Internet service provider Zinia has thrown down the gauntlet to the telecommunications industry and government to take faster action and make last mile internet connectivity for South African municipalities a reality.
On the back of the announcement by cabinet to fast-track the roll out of broadband in the SA Connect policy, Warren Bonheim, CCO of Zinia, says it is time to move from politics to delivery.
“The commitment to broadband rollout has been dragged out over the years. This has left many municipalities, who are not in major metropolitan areas, in the dark ages relying on analogue dial-up,” he says.
“To put this in context, a consumer on his/her mobile can get 6 times more speed than an entire municipal department. I think it is time to talk delivery,” says Bonheim. “The reality is that no single network will be able to cover all municipalities in all areas: the decision to go with one provider will result in the same bureaucratic politicking, all hot air and no action.”
He cites comments made in the media which stated that all voting stations would have connectivity in the latest municipal elections – but the reality is that most voting stations outside of key metros had old infrastructure and poor to little connectivity.
His call to government and newly elected mayors is clear: to empower municipalities to engage with local ISPs to enable faster deployment of connectivity. There are many solutions which can be rolled out quickly and cost effectively to get municipalities better service to drive local government efficiency,” he says.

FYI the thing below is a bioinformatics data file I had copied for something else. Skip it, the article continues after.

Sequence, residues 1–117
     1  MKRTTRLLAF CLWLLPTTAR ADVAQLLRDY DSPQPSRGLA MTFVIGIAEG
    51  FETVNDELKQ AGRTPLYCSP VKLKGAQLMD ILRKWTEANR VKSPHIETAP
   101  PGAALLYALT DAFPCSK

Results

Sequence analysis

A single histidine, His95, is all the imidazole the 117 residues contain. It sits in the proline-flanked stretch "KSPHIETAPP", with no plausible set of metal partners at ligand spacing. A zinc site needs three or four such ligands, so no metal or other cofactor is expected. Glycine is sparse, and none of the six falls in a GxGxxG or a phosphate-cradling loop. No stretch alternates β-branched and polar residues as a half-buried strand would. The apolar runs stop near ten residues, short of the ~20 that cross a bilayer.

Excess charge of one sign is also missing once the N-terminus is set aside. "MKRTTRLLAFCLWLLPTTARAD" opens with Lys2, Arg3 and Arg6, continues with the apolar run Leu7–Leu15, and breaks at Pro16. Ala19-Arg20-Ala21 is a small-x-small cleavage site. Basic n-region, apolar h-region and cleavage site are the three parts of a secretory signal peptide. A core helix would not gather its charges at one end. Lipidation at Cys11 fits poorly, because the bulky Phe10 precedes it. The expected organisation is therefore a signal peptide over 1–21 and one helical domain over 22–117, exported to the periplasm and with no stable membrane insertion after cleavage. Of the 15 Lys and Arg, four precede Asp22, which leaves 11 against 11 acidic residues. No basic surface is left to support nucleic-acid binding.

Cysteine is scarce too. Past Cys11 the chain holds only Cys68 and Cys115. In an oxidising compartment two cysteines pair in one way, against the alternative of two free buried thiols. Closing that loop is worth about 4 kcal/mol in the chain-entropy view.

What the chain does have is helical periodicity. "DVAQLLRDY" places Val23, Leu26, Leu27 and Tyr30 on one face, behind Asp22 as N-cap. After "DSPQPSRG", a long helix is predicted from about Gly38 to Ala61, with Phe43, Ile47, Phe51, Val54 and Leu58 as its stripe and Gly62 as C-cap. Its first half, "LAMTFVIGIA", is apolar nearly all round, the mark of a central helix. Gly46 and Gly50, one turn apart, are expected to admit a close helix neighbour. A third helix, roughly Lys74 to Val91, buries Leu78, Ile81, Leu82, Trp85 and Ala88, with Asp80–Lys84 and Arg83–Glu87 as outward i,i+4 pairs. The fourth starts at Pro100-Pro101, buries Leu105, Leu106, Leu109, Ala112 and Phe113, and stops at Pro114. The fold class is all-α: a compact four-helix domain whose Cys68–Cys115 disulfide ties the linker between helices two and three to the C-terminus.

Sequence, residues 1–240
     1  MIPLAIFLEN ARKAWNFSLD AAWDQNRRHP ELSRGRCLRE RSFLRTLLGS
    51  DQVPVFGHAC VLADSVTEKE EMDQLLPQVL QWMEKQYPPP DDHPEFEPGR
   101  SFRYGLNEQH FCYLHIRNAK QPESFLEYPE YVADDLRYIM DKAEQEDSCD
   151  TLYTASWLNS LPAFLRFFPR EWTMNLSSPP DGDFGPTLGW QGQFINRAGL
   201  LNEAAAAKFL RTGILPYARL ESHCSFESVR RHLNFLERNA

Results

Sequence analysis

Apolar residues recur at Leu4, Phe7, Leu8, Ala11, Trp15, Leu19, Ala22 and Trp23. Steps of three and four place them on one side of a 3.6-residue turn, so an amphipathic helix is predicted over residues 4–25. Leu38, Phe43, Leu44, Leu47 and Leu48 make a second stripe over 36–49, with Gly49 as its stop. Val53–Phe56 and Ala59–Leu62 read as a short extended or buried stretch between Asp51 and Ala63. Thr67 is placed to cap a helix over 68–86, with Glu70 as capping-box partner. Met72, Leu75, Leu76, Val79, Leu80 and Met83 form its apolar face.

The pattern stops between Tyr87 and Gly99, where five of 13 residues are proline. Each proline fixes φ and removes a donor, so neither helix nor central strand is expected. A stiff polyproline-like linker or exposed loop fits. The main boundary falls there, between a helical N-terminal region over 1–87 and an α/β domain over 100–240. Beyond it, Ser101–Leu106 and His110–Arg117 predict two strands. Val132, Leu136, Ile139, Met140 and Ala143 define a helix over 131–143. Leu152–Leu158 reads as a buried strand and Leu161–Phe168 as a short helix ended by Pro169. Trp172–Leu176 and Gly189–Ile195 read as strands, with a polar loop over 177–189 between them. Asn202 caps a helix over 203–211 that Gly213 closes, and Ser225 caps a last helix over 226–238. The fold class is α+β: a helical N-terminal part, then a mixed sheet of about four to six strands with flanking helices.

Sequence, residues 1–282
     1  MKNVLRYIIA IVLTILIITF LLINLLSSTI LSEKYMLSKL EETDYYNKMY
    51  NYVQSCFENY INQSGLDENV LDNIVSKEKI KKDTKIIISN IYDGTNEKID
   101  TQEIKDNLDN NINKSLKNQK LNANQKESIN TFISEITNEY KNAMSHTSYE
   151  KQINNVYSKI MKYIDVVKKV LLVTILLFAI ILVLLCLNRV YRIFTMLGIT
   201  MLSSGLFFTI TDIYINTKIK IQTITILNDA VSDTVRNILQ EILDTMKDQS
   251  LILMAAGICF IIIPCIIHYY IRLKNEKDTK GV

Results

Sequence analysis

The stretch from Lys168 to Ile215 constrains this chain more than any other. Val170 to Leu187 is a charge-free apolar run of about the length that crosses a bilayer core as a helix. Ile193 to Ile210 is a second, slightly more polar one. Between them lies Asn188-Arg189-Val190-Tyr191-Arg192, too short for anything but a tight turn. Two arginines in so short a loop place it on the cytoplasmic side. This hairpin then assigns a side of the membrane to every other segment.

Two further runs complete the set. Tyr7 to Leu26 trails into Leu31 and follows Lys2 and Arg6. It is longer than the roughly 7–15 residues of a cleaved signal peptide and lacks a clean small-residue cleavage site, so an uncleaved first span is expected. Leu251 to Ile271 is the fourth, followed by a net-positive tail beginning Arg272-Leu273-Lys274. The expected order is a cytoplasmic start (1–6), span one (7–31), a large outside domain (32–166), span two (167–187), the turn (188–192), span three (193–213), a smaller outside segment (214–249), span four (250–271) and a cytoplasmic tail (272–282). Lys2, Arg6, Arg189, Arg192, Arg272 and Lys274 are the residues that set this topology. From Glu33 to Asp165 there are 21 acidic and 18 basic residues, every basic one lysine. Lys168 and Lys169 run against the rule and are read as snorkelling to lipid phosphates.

And to the telecommunications industry, Bonheim believes that they need to come to the party to make last mile internet more cost-effective.
Bonheim says that a strategic action plan using a handful of ISPs can get all municipalities 5Mbps delivered within six months. “Yet if one provider owns the entire project the likelihood of failure is high. By working together with a combination of fibre, microwave and wireless or even a worst case scenario of uncapped 3g or LTE would be the better route to go. The industry has done it for corporates so why not municipalities?”
He believes it is about the industry’s willingness to get it done and high levels of bureaucracy that is hampering progress.
“The more we open the network up to more players, the better it will be for our country. If government and municipalities would award a few businesses in each region to deliver together, the problem would be resolved quickly – not only empowering businesses but also local municipalities.”
He also explains that once Municipalities are connected they could become a connectivity hub for surrounding small business, improving revenues to the municipality as well as servicing small businesses.”